Property Risk, Foreclosure Costs and Rational Lending Discrimination

David Nickerson, David Scofield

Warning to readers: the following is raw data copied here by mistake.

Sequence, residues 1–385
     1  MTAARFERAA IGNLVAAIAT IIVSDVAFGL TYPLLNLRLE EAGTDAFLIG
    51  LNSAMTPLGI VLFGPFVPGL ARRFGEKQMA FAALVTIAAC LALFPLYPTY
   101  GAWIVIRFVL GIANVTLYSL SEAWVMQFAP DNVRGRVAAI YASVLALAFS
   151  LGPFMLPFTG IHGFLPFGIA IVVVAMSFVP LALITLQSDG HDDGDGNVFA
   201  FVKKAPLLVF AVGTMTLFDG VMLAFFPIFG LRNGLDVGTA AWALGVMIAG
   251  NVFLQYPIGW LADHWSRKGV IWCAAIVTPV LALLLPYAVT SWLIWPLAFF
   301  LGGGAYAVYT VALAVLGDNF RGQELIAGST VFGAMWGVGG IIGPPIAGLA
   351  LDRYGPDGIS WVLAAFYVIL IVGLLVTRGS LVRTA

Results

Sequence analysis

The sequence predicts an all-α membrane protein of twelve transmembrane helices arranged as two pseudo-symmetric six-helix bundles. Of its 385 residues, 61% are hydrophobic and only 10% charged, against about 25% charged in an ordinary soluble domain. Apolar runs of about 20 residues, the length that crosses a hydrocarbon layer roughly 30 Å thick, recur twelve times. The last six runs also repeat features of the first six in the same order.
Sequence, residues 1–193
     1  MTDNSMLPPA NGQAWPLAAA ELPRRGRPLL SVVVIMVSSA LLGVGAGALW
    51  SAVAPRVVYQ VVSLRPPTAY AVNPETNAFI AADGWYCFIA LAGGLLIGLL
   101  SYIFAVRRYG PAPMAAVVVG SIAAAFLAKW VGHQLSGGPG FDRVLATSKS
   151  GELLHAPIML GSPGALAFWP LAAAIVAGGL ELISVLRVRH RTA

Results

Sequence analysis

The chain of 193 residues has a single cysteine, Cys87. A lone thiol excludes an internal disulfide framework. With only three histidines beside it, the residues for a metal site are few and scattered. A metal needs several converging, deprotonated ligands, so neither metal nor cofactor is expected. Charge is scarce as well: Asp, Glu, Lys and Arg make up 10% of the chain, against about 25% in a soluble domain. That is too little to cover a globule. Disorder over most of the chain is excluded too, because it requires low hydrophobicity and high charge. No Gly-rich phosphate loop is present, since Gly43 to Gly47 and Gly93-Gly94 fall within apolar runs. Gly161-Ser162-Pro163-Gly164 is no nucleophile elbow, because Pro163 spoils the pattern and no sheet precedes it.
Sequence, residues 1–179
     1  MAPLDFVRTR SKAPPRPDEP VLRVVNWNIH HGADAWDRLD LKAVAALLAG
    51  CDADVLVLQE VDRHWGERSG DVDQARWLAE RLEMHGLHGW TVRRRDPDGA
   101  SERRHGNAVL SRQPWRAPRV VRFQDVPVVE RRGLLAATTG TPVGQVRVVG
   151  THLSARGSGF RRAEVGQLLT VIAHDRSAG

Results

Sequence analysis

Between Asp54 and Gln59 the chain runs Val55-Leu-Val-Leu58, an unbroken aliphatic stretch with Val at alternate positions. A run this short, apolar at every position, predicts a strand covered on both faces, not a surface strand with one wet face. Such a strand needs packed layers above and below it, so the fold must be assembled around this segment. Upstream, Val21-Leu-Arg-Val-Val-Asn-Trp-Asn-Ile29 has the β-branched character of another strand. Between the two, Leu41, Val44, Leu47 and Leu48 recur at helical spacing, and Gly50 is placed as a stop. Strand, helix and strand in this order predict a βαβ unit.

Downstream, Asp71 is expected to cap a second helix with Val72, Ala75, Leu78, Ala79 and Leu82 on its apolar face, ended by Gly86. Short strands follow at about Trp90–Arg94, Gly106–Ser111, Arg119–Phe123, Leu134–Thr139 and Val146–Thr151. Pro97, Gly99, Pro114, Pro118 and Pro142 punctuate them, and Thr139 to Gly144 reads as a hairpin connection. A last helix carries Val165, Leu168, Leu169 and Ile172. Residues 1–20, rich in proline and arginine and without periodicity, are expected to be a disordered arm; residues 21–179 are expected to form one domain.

Observations of significant differences in access to credit, loan terms and the volume of lending between demographically distinct groups of borrowers are often interpreted as evidence of potential ethnic, racial or gender discrimination by lenders. The competitive structure of credit markets and the accuracy of measuring individual credit risk render extant models of lending discrimination based on assumptions of credit market inefficiencies, such as adverse selection, increasingly implausible. In stark contrast to existing models of demographic discrimination, we consider a model of mortgage lending in an economy having complete markets, common knowledge and arbitrage-free pricing. Market equilibria in this classical environment may exhibit discrimination even when borrowers, who are distinguished only by observable demographic traits, share an identical measure of individual credit risk. Relatively costlier loan terms, a higher frequency of loan denials, or a complete rationing of credit to a particular demographic class of borrowers may be a value-maximizing strategy when rational lenders perceive that one or more such traits are directly related to adverse features of the representative property securing the loan to a borrower in this class. Omitted from standard statistical underwriting and regulatory review procedures, these features reduce the value of the collateral available to the lender in the event of future default. When loans are secured by such properties and both lenders and borrowers act strategically, discrimination on this basis will be a property of all market equilibria and can be consistent with an efficient allocation of credit.

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